It has given a new lease of life to some 3D scans I’ve done that were too problematic to be used in production, such as textures that were too blurry or geometry that was stretched or had holes in it. Artomatix can fill in missing detail, allowing you to paint areas that you’d like to ignore and producing new viable textures. Occasionally I’ll still remove seams by hand, in an old-fashioned way using clone stamp and offset in Photoshop, like with the Tree Bark Study.
I’m also making use of hardware tessellation and displacement, so on low to mid-poly geometry, you can still add some larger detail forms to the model. As long as you have a good UV layout you can tile on the materials appropriately, like this:
You can see how some of the larger forms are kept, while smaller detail is added by the material. It’s important to avoid sharp edges in the low or mid-poly geometry models you apply the materials to and to keep the topology regular so that it works well when displaced.
Here is an example of a tiling 4k texture set that was created from a smaller section of a 3D scan (created with Samsung Galaxy S8) and Capturing Reality. The original model looks like this:
I liked how the rock was layered and folded in places. I thought it’d make an interesting material so I set up a render in 3ds Max at 4k and cloned/rotated the entire model a few times to fill up the render window with the layered rock area. I rendered out albedo, AO, normal and z-depth maps and took them into Artomatix. Here is the resulting material:
Here is some quick smooth low-poly geometry I put together to test it in a scene context:
This is the same geometry with proper lighting and the material applied, the ground is a different sand material obviously:
Working with Artomatix
As Artomatix is based in Dublin, I’ve chatted with the team there a few times over the past few years and have been on the alpha test for a while now. They’re really into what they do and value feedback at all stages. As you’d expect from an alpha product, it’s still rough around the edges, but there are regular updates and the team fixes the bugs quickly. Currently, there is a node-based workflow, and the seam removal is as simple as creating a material from imported textures, connecting it to a seam removal node, setting an edge radius and hitting calculate. There is also an analysis pass before the seamless textures are created. The new detail is not procedural, it rather samples the input textures and intelligently decides where those samples can be placed and blended to create a seamless image. It works across all textures at once, so you get a full PBR set from your inputs. For more control you can add a mask-painting node that will allow you to paint areas that you want to remove on a textured 3D model or in 2D, see below:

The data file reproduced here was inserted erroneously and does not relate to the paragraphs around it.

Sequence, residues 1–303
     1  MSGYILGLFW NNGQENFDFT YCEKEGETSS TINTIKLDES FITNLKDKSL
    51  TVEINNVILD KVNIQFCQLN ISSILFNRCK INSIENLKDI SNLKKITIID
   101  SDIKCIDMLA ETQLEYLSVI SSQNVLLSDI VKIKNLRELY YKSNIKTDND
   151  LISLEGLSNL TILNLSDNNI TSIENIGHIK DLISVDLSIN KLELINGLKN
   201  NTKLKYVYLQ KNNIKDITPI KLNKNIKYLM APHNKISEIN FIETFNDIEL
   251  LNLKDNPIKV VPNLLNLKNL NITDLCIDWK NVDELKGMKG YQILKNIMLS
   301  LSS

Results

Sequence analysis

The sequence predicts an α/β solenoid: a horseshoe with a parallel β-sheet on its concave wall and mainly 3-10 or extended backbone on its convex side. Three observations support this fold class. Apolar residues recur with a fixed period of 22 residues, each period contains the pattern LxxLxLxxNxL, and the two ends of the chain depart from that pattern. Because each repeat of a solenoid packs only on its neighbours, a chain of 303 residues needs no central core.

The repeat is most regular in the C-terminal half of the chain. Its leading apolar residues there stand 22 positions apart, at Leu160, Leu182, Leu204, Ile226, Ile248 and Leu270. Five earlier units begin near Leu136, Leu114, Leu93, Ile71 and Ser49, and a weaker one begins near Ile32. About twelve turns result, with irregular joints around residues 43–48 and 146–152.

After seam removal and mutation:
And the final result (Toolbag 3):
I know there are other material creation features in there such as “material from photos” but I haven’t explored much further. At the moment I only work with those features that help me with my scanning experiments, and they have become an important part of my workflow.
3D Production future
Already when texturing, my workflow has changed. I’m doing less baking from high-poly models to low, rendering albedo base, normals, AO and z-depth to use as displacement straight out of the viewport in 3ds Max. This texture output goes straight into Artomatix and comes out tiled, after which I create a roughness texture using the albedo as a base and referencing PBR charts. Sometimes I’ll paste the seamless normal map into Knald and pull out some curvature, pixel-based height and AO and blend them with the originals, testing with Marmoset Toolbag. The material above was created this way.
Something with the immediacy of Quixel Mixer style texture blending, the power of forgiving AI image cleanup tools and tight Photoshop/Substance Painter integration would be a dream, and I think we’re heading in the right direction.